Found along the southern coast of Maui, lies a beautiful snorkel location called Turtle Town. Get ready to mark off one of your bucket list items by getting a chance to swim with Hawaiian green sea turtles!
Hawaiian Green Sea Turtles on Maui
Hawaiian green sea turtles absolutely love Turtle Town, due to the unique formation that is the result of a volcanic eruption that took place many moons ago. The sea turtles love to feed on the algae that forms on the rocks. The abundance of turtles has made Turtle Town a highly desireable snorkel spot in Maui. The thriving coral reef also attracts lots of tropical fish.
The sea turtles are federally protected. Getting too close to them could result in a Federal or State violation. “NOAA and DLNR recommend, for your safety and the animals’ protection, that everyone stay at least 10 feet (3 meters) from all sea turtles. If maintaining this distance isn’t possible, keep safety in mind and move away from the animal as carefully as possible, avoiding sudden movements and other actions that might disturb the animal.” For more information, please visit the Department of Land and Resources website at: http://dlnr.hawaii.gov/dar/species/sea-turtles/.
Facts About Hawaiian Green Sea Turtles
- Hawaiian sea turtles can weigh up to 500 pounds!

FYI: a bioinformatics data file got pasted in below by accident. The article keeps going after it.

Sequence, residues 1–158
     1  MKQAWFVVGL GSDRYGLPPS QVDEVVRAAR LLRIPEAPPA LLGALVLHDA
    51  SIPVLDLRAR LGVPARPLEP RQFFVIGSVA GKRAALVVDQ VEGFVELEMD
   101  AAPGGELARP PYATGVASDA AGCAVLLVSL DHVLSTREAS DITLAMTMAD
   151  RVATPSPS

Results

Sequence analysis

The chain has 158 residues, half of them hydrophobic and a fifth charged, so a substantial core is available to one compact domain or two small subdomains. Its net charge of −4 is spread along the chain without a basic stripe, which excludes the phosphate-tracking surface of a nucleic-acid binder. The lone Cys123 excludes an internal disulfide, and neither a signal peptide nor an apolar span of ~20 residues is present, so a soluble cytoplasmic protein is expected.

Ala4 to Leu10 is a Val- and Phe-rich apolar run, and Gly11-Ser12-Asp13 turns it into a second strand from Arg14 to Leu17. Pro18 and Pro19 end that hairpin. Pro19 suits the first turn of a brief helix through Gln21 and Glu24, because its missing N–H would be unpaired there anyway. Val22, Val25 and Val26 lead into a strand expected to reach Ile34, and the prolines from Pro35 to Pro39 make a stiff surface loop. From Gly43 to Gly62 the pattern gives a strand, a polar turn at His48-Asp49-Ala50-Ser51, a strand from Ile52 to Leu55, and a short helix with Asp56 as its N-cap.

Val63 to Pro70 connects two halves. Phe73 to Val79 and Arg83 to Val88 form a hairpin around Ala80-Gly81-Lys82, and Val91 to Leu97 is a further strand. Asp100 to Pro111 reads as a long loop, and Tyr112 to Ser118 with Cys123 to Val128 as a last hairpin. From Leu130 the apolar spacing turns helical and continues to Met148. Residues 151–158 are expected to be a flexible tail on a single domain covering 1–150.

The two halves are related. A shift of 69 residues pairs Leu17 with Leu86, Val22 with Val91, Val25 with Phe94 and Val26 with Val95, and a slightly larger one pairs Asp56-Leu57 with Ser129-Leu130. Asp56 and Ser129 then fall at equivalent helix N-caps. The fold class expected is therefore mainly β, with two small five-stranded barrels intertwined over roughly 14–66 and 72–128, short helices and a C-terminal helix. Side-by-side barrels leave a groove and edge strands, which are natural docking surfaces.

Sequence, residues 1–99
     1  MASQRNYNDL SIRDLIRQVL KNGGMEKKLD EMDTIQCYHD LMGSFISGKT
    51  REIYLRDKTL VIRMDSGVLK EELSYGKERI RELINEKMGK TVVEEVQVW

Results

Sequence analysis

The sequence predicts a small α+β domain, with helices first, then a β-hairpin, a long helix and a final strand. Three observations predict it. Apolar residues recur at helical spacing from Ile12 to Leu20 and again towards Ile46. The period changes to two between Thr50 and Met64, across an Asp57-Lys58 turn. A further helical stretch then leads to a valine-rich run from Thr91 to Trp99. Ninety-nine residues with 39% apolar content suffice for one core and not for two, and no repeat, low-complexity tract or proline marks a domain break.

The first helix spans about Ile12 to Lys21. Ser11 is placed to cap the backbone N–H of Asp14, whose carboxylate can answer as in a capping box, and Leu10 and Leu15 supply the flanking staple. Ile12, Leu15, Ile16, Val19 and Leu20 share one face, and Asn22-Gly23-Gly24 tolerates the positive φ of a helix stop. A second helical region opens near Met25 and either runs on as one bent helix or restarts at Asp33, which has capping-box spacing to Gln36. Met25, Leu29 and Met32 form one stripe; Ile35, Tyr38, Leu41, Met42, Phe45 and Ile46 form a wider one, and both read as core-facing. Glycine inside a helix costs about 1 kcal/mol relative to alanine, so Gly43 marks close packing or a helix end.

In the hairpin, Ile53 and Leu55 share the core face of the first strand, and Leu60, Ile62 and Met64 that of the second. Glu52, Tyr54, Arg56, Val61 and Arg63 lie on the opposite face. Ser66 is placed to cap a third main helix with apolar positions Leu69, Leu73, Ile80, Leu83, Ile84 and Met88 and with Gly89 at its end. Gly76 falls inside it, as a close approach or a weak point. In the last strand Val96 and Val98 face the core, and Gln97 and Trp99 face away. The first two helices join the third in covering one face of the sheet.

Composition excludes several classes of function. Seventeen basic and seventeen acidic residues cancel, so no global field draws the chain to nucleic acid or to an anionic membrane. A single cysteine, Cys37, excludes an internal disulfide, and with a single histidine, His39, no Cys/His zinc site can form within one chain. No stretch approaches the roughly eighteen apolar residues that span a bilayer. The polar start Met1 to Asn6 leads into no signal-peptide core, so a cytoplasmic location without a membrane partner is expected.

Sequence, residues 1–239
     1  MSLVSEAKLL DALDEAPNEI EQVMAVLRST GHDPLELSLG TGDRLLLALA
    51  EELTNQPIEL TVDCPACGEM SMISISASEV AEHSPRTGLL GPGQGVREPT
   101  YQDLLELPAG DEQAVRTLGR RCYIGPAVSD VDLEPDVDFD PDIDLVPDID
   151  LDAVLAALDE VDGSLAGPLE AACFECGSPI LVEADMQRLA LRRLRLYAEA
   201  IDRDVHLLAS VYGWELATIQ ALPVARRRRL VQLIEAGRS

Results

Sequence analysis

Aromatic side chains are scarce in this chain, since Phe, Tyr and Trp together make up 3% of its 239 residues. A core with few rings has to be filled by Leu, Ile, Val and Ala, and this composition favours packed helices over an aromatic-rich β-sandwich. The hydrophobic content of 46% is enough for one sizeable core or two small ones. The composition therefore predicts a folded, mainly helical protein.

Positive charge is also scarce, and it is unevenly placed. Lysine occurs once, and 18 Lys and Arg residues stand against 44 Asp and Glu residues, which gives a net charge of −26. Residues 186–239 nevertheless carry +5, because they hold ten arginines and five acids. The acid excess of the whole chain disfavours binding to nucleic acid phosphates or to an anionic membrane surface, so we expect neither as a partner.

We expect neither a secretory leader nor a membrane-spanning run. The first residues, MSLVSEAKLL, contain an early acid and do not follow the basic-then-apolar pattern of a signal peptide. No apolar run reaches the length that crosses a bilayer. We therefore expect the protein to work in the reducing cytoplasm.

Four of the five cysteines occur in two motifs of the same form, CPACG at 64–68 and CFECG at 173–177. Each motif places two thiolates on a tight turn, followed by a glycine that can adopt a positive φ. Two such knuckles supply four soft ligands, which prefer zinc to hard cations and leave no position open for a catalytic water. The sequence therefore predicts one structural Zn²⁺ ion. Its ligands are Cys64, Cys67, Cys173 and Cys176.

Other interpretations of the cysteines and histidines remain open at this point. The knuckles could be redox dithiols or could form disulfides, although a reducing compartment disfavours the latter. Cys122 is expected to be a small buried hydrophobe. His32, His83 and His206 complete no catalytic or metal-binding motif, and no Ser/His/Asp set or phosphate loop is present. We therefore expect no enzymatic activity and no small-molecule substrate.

- What is a turtle cleaning station? A sea turtle cleaning station is a place where the turtles go and seek out fish to eat the algae off their shells.
- Hawaii sea turtles enjoy sunbathing and resting during the daytime hours. The sea turtles often feed on the rocks and coral close to shore.
- Hawaii sea turtles eat seaweed and algae that grow on the lava rocks.
- The “green” portion of their names does not come from the color of their shell, rather from the color of their fat tissue due to their algae diet.
- The normal swimming speed for the green sea turtle is 1 mph. When they are trying to escape a predator, they can reach speeds of up to 20 mph.
- The sexual maturity of a sea turtle is 25-35 years old.
- The hawaiian word for green sea turtle is honu. The Hawaiians consider the honu to be a family guardian (aumakua).